• 3. English Language Teaching September, 2009auxiliary ‘May’ in Indian English seem odd and can be regarded as the violation/deviation of rules, it can be agreed thatthey are acceptable in its own context rather than being regarded as signs of fossilization. However, if these forms areused in international context where English is used as a means of communication by members of different cultures,there may be some communication breakdowns or misunderstandings.Considering the arguments Kachru proposed, the traditional applied linguistics perspectives seem to fail to considermultilingual context. However, this does not mean that IL and errors do not contribute to language acquisition.Consider an imaginary situation in which a person who has moved to an Outer Circle country (India) and utters asentence ‘You must come early tomorrow’ in his/her attempts to learn Indian English, which is positional and in a wayunacceptable in the local context. What would Kachru say about his/her utterance? This can be considered a simplelogic, but Kachru would possibly talk about IL or a kind of error that does not consider the social context. Alternatively,would he say that everyone has his/her own way of saying and that person is right since he does not want to use ‘a normof Indian English?’ Kachru talks about the ethnocentrisms of Inner Circle practitioners, but he may also be promoting‘nationalism’ as Pennycook (1994) suggested. Moreover, instead of benefiting from WEs discussion, local people mightalso suffer as their use of English, as seen in the examples, may mark them off as low proficient users or even bestigmatized in the English L1 communities (Luk &Lin, 2006).What can applied linguistics do regarding these discussions? The situation cannot be simply ignored. Especially fromsecond language acquisition perspective, future research should go over the traditional approaches and make necessarychanges/additions or at least be aware of the forms that learners produce not only in the Outer Circle but also in theExpanding Circle, which reflect the sociolinguistic reality of their English use.3. World Englishes, English as a Lingua Franca and Teacher EducationWorld Englishes debate lead to related issues such as English as a lingua Franca and teaching World Englishes andteacher education. The uses of English internationally are not just related to the Expanding Circle, but also it includesnative speakers as well as members of the Outer Circle English. English is currently seen the best option forcommunication among people from different language backgrounds, thereby being labeled as ‘English as anInternational Language (EIL)’ or ‘English as a Lingua Franca’. Scholar such as Jenkins(2006, 2000) and Seidhofer(2004, 2002) have made significant contributions to this issue with their valuable articles and books, notably Jenkin’s‘The phonology of English as an International language’ (2000) and Seidlhofer’s (2002) corpus the Vienna-OxfordInternational Corpus of English (VOICE). Both analyzed the use of ELF speakers from a variety of differentbackgrounds. Jenkins provided which pronunciation errors led to intelligibility problems and which did not. Seifhoferfocused on ELF lexicogrammar and tried to find out which items were used frequently, but differently with respect tonative speakers. Both scholars paid specific attention to uses that do not cause communication problems. This was anattempt to reflect the sociolinguistic reality of the largest group – Expanding Circle, especially. Although Jenkins andSeidlhofer did not aim to reflect ELF as a World English, some World Englishes scholars mistook ELF for that function.What takes notable attention about their studies is that the burden- being aware of World Englishes and StandardEnglish) is not just on the Expanding Circle, but also on Outer Circle and notably Inner Circle.The discussion of World Englishes have also arisen questions about teaching and teacher education. One could ask whatkind of English or Which English should be taught in the Expanding Circle. If we are teaching Turkish students to useEnglish well in an educational institution in the USA, the best answer will be American English, but if we have the aimof allowing our students to communicate across cultures, then we should teach English so that they will be able tounderstand/tolerate many accent and varieties through exposure. Awareness should be created and cross-culturalcommunication strategies should be studied. It is of utmost importance for teachers to develop a greater tolerance ofdifferences and adjust their expectations according to the settings. They should be informed about the varieties andprovided with the opportunities to collaborate with other teachers in all three circles. However, what matters mostseems to be the intelligibility of the uses of English in different countries or regions, not just in national boundaries.This can be achieved through the publishers in all over the world, providing World Englishes and ELF perspectives intheir books, materials, and more importantly in their practices of language testing and assessment.ReferencesBhatt, R. M. (2005). Expert discourses, local practices, and hybridity: The case of Indian Englishes. In A. S.Canagarajah (Ed.), Reclaiming the local in language policy and practice (pp. 25-54). Lawrence Erlbaum.Bolton, K. (2004). World Englishes. In A. Davies & C. Elder (Eds.), The handbook of applied linguistics (pp. 367-396).Oxford, UK: Blackwell Publishing.Jenkins, J. (2006). Current perspectives on teaching world Englishes and English as a lingua franca. TESOL Quarterly,40(1), 157-181.Jenkins, J. (2000). The phonology of English as an international language. Oxford: Oxford University Press. 37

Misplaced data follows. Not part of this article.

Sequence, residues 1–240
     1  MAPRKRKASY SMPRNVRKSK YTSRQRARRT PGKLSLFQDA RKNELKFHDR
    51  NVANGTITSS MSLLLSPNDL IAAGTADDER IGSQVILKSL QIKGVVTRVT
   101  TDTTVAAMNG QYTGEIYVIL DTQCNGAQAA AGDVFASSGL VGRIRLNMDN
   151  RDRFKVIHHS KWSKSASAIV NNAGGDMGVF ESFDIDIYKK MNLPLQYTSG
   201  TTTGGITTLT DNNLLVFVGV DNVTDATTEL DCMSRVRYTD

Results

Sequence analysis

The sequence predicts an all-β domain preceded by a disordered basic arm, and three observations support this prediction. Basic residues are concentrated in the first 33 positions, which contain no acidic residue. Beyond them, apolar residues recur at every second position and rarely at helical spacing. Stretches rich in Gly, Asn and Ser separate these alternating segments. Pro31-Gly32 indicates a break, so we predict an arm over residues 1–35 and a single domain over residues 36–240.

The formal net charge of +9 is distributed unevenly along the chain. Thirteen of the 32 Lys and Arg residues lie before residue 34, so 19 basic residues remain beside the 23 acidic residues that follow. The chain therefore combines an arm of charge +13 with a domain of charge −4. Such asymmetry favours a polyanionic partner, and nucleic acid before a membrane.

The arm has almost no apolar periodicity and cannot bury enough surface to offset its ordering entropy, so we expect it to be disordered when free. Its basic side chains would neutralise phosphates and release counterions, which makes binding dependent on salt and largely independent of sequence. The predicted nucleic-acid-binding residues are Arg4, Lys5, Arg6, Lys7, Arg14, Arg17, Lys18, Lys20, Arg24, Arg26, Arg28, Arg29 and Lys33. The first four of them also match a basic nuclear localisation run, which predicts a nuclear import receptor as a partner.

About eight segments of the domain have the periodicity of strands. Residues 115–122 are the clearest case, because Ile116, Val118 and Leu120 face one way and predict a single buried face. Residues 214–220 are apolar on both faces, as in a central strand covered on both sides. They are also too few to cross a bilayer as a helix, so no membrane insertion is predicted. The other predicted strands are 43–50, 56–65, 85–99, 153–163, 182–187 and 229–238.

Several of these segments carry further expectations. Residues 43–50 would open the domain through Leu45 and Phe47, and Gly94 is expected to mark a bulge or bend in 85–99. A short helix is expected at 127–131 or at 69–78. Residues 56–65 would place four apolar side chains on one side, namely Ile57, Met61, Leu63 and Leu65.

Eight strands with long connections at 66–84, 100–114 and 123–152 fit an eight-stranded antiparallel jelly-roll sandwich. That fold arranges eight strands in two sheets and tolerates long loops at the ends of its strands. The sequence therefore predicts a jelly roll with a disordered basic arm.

• 4. Vol. 2, No. 3 English Language TeachingKachru, B. B. (1997). World Englishes and English-using communities. Annual Review of Applied Linguistics, 17,66-87.Kachru, B. B. (1991). Liberation linguistics and the Quirk concern. English Today, 25, 3-13.Kachru, B. B. (1985) Standards, codification and sociolinguistic realism: the English language in the outer circle. In R.Quirk and H.G. Widdowson (Eds), English in the world: Teaching and learning the language and literatures (pp.11-30). Cambridge: Cambridge University Press.Luk, J. C. M., Lin, A. M. Y. (2006). Uncovering the sociopolitical situatedness of accents in the World Englishesparadigm. In R. Hughes (Ed.), Spoken English, TESOL and applied linguistics: Challenges for theory and practice (pp.3-22). NY: Palgrave Macmillan.Quirk, R. (1990). Languge varieties and standard language. English Today, 21, 3-10.Quirk, R. (1985) The English language in a global context. In R. Quirk and H. G. Widdowson (Eds), English in theWorld: Teaching and learning the language and literatures (pp. 1-6). Cambridge: Cambridge University Press.Pennycook, A. (1994). The cultural politics of English as an international language. London: Longman.Seidlhofer, B. (2004). Research perspectives teaching English as a lingua franca. Annual Review of Applied Linguistics,24, 230-239.Seidlhofer, B. (2002). The case for a corpus of English as a lingua franca. In G. Aston & L. Burnard (Eds.), The roles ofcorpora of contemporary English in language description and language pedagogy (pp. 70–85). Bologna: CooperativaLibraria Universitaria Editrice Bologna.Selinker, L. (1992). Rediscovering interlanguage. London: Longman.Selinker, L. (1972). Interlanguage. International Review of Applied Linguistics, 10, 209-231. Figure 1. Concentric circle model (Adapted from Kachru (1997)38